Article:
I’m sitting on the couch when a flicker on the radar catches my attention. I take a closer look. There it is again. What is it? I go out into the cockpit to have a look around and to my surprise find two bright yellow lights shining on the horizon. They weren’t there last time I checked!
I wake Simon up straight away and fill him in. When he looks at the radar the second boat has just been picked up so they are both being displayed consistently now. The radar tells us the boat positions so we spend some time looking at the charts, plotting their position compared to ours. We go out to the cockpit and look through the binoculars to see if we can spot any green or red navigation lights. Once we can see these we can work out if they are coming towards us, away from us, or crossing in front of us – alas, no coloured lights are visible.
Even though they are showing up on the radar, the AIS isn’t picking them up yet so we don’t know what or who they are. An educated guess is fishing boats, maybe fishing for squid given they are lit up like a football stadium during a night game.
Simon notices that one of the boats has changed position. It’s moving across our path toward the other boat. We watch and do more calculations before Simon decides to change our course to give us some more distance from them.
Eventually, our AIS picks one up and tells us it’s a fishing vessel called Sea Pearl. The proximity alarm goes off. Way ahead of you there, tech gear! It’s possible that Sea Pearl turned their AIS transponder on so we could identify them. Often fishing boats don’t use their AIS as they don’t want anyone to know where they are fishing – odd logic as the high-beam lights tend to give them away.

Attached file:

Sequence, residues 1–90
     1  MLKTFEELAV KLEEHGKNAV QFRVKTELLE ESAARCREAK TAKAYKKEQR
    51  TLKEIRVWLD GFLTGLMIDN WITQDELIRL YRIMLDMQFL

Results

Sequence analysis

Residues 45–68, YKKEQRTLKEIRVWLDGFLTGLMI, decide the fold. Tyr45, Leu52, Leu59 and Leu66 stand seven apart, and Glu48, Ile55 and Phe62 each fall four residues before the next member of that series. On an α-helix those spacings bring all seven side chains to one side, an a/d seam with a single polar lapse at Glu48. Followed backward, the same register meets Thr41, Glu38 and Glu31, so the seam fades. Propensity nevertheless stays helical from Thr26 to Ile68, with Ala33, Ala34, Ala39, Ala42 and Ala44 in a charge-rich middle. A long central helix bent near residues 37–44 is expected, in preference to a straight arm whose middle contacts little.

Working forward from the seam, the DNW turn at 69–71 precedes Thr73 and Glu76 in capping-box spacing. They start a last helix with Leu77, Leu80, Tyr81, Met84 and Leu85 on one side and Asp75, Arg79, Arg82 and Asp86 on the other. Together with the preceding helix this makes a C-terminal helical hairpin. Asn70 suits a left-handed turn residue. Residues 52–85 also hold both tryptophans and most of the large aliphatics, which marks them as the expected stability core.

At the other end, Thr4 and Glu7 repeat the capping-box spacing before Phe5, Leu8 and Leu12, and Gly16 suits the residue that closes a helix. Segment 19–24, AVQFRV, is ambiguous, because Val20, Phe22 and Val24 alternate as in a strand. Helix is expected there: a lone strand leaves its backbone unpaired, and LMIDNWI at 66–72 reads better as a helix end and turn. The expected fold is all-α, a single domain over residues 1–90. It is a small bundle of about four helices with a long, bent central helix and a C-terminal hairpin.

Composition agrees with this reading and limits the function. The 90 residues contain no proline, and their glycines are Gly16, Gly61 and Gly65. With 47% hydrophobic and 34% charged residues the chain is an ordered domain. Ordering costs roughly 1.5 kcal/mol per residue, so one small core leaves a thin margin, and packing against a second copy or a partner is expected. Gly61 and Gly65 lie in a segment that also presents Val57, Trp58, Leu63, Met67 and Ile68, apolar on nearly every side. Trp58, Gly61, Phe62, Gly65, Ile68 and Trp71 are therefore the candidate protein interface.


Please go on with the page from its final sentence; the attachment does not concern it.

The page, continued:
Now that we know who they are and where they are going, we will pass these bright lights in the night without any concerns.
While most of each night watch is calm, quiet and uneventful, there are also some magic moments. For me, the most special times are seeing either shooting stars or bio-luminescent algae in the water. There is a comforting monotony to the black water, black sky, moon and twinkling stars. The same consistent view night after night. Then suddenly this is broken by a little piece of magic. A star falling through the sky. Or the appearance of sparkles at the edge of the wake the boat makes as it moves through the water. Glow-in-the-dark waves. It’s captivating.
It’s not all comforting though. I find it most challenging during the time between the sun setting and the moon rising, when it is so dark you can’t see the horizon. Everything beyond the edge of the boat is inky black. It’s disorienting. We could be astronauts in space. I may as well have my eyes closed. I find this time of night quite eerie and sometimes feel quite overwhelmed by the vastness of the empty space surrounding our little yacht in the wide open ocean. I’m always relieved when the moon rises and I can make out the horizon and once again I know the difference between the sky and the ocean – which way is up and which way is down.
An Update On Our Travel Plans
The next blog post will be about our time in Timor-Leste, and will be followed by some stories of sailing in Indonesia, where we are now. We are currently on our way to Lombok, where we plan to leave our boat at a marina for a few months and fly home for Christmas and summer time.